“Looking for a Zebra” Hope Street: My Journey

“We’re looking for a zebra,” explains the University of California, San Francisco (UCSF) neurologist in December 2007. After roaming from doctor to doctor, specialist to specialist, and more expensive and extensive medical tests than I want to remember, I’m referred to UCSF.

Something uncommon

“I’ve had five or six patients just like you,” my neurologist explains. “Our neurology team can’t actually give you a diagnosis, but we can treat the symptoms. You have something uncommon. In the medical community we refer to this as looking for a zebra. Zebras are unique; no two are alike,” he adds.

“`Failure to diagnose’ is the terminology used by doctors (and lawyers) to indicate a patient has a set of symptoms that have gone undiagnosed.” (1) I leave yet another team of medical experts without a diagnosis.

Still a zebra

For four more years I trek to San Francisco for follow-up and hope for a diagnosis so my illness will no longer be classified as a zebra. Sadly, I’m still a zebra.

A to Z

Most children are familiar with zebras as they learn the alphabet. “Z is for Zebra,” they recite. I don’t know much more than children know, so I start learning about zebras. No one knows if a zebra’s stripes are black with white stripes or white with black stripes.

Zebras are distinctive

God created each zebra with distinctive stripes, just like He created each human being uniquely. I photograph zebras at zoos and watch them diligently. I purchase zebra magnets, zebra post cards, and zebra paraphernalia. (But I can’t locate one of my photos for this blog!)

I contemplate the doctor’s words often. “No two are alike.” I’ve always been different. I befriend social outcasts. I think and act outside the box. I color outside the lines. I march to my own drum beat.

If I was common

But for a few years I’ve longed to be just like everyone else. My logic: If my symptoms aren’t so unusual, the doctors can determine the cause of my symptoms. I won’t be looking for a zebra anymore. I know. It’s not the kind of logic I used in my doctoral program, but for this situation, it works.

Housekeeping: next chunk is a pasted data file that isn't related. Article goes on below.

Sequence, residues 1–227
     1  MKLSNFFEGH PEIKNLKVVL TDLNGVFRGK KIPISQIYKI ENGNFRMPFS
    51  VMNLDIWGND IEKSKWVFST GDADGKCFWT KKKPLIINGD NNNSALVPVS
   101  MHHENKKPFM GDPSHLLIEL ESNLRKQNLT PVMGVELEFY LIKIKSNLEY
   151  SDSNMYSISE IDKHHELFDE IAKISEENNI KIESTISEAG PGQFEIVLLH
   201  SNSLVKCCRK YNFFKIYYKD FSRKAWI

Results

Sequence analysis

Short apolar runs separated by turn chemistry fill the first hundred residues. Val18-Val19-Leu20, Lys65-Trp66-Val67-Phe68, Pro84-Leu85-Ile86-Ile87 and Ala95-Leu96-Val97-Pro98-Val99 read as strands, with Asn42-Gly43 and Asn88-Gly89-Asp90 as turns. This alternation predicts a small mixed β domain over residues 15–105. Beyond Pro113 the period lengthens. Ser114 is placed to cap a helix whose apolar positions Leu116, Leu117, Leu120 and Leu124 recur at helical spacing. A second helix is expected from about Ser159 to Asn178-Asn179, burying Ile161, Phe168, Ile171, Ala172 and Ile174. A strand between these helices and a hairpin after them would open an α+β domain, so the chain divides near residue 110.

Until the day I discover I’m not a zebra anymore, but an orphan.


1. When You Can’t Get a Diagnosis: Failure to Diagnose. Trisha Torrey. Updated November 25, 2014. patients.about.com/od/yourdiagnosis/a/failurediagnose.htm.

2. Image: [StockPholio.com] -1080532317-Zebra-x-2-Christina-Robinson.jpg



4 Responses to ““Looking for a Zebra” Hope Street: My Journey”

  1. Reply John Vonhof

    It’s tough when there are no definitive answers. We all want them, and yet for some, like you, the answers are hidden. I pray that you’ll find hope and relief – and answers.

  2. Reply Ron Fritzemeier

    God’s amazing Work in creation shines through even these challenges. Yes, we see how His creation is marred by the effects of sin, but despite that the wonder of His creation – just considering the complexities of the human body – is truly amazing.

    I’m experiencing my own zebra moment right now, and hoping for diagnosis so the treatment plan can get beyond just dealing with current symptoms. I’m encouraged, in spite of the current status, because I know God is not the least bit baffled or uncertain. And better yet, He is the Great Physician.

Leave a Comment